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Does Playing Sports make us Smarter?

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Musculature of athletic body
Musculature © adimas -
We all know the old saying, “In a healthy body dwells a healthy mind.“ But is that really true? What does physical training do to the brain?

Everyone knows that exercise improves blood circulation and strengthens muscles. But physical training can do much more! It strengthens willpower, concentration and even changes our brain, according to studies. Whether running, biking or Pilates, almost any sport also helps us to be more balanced and attentive.

Our important organ between the ears works better in people who exercise regularly. But we shouldn't equate that with smartness. Let's just call it
  • higher attention,
  • more serenity and
  • better receptivity.
Athletes are thus more capable of learning!

You can read in this article how beneficial learning breaks and exercise are for attention. Exercise breaks during learning reduce nervousness and promote concentration. Studies show that kids are more attentive than usual after physical education.

Increasing the receptivity

If we do not move enough, our brain is less supplied with blood and we deprive ourselves of the opportunity to absorb more learning material. If we are physically active, this also has a positive effect on the growth of our nerves, because stimulating stimuli create new synapses and neurons are formed. Research shows that just 20 to 40 minutes of endurance training per day is enough to increase the "Brain-Derived Neurotrophic Factor" (BDNF) by 30%. The formation of new nerve cells helps us to better store experiences and facts. The sense of orientation also benefits from this.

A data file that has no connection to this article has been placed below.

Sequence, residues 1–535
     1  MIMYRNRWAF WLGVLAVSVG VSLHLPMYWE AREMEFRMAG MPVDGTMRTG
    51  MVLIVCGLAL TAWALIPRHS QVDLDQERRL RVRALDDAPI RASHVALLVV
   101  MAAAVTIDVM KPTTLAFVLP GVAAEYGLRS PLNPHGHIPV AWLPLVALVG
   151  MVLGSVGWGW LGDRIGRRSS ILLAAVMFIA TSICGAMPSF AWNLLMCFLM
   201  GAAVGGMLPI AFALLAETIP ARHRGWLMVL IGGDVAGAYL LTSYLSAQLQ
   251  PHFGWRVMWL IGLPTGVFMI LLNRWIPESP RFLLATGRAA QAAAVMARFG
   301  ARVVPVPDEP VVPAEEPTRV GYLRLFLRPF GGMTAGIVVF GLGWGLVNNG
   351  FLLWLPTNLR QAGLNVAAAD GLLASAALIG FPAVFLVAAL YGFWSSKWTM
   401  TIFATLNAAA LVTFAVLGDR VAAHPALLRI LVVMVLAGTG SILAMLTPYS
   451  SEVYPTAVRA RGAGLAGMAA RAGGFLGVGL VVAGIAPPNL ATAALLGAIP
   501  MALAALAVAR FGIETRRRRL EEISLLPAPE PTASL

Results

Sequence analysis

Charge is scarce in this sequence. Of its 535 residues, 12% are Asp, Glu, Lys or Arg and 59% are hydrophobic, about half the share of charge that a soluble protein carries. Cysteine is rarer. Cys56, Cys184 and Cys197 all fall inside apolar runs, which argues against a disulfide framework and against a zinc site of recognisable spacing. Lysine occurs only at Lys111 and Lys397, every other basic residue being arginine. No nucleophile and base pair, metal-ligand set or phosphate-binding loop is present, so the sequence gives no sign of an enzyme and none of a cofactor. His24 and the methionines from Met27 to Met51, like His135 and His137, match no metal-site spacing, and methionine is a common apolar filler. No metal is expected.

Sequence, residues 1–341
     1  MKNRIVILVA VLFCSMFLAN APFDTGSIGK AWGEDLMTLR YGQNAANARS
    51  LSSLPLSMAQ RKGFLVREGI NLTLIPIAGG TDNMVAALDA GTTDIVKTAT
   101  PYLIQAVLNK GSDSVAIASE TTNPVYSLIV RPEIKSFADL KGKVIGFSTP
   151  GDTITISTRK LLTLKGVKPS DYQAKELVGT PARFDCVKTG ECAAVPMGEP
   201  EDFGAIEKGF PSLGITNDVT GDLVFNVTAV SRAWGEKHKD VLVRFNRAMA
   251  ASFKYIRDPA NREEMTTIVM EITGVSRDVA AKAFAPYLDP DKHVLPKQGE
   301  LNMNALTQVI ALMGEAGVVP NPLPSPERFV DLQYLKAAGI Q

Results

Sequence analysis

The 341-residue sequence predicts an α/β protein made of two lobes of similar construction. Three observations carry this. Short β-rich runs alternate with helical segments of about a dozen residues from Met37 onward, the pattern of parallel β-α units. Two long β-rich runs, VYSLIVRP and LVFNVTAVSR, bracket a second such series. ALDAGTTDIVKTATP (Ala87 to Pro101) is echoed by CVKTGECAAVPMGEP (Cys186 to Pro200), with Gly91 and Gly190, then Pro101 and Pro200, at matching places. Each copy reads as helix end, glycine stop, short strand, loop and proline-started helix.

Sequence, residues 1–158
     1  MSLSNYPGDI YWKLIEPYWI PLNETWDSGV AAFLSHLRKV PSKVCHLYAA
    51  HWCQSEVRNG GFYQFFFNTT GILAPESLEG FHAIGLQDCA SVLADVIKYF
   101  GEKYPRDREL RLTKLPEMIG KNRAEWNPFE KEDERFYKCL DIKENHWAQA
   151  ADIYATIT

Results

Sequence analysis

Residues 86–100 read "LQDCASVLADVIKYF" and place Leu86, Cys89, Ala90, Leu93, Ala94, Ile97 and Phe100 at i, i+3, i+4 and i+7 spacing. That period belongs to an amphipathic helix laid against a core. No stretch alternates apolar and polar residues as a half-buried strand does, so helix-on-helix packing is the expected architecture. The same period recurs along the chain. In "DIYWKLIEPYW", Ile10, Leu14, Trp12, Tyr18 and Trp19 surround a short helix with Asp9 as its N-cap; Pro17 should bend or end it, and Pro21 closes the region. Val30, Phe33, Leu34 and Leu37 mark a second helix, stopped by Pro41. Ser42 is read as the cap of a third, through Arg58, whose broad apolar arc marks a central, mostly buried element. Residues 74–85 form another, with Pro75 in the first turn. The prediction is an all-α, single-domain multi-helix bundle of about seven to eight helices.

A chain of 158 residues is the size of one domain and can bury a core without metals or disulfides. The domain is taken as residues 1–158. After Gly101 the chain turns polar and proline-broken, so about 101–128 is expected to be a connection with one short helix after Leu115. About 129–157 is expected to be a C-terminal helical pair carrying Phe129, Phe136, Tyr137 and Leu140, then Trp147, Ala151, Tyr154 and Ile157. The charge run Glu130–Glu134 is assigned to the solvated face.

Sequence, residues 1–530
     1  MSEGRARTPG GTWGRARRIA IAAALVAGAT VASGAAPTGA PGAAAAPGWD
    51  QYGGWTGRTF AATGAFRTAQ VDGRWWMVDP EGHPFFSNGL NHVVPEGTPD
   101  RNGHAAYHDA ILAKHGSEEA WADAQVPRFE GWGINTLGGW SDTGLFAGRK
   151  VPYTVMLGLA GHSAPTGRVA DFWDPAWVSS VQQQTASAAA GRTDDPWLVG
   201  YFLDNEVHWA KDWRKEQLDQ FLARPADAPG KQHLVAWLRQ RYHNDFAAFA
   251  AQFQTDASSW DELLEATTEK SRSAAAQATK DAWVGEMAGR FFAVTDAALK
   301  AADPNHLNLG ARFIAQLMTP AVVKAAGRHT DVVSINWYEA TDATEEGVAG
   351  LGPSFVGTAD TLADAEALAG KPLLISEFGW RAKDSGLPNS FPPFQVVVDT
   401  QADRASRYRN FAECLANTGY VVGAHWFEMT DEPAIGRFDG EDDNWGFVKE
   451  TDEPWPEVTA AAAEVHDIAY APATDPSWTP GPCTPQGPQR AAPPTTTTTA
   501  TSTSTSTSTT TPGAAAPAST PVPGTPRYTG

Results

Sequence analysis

Better memory

In addition to blood circulation, physical activity also influences the concentration of messenger substances in our blood. In this context, the increase in serotonin levels should be emphasized, which has a positive effect on our memory performance. In addition, serotonin has an anxiety-reducing effect and brightens our mood.

How sustainable are the positive effects?

They last for a while, but when no more training is done, they decrease again - similar to the fitness level. However, there are also longer-lasting effects, apparently we have a kind of "memory" as far as BDNF influence is concerned. Example: Ex-endurance athletes achieve a significantly higher BDNF increase than non-athletes after a two-week training break with only one unit. The latter would have needed several weeks of training for the same increase.


Sport does not make us smarter or more intelligent, but it does make us more capable of learning!
And positive side effects such as more inner peace or a better mood are gladly accepted.

© David Cain on Unsplash

This text was automatically translated from German to English by

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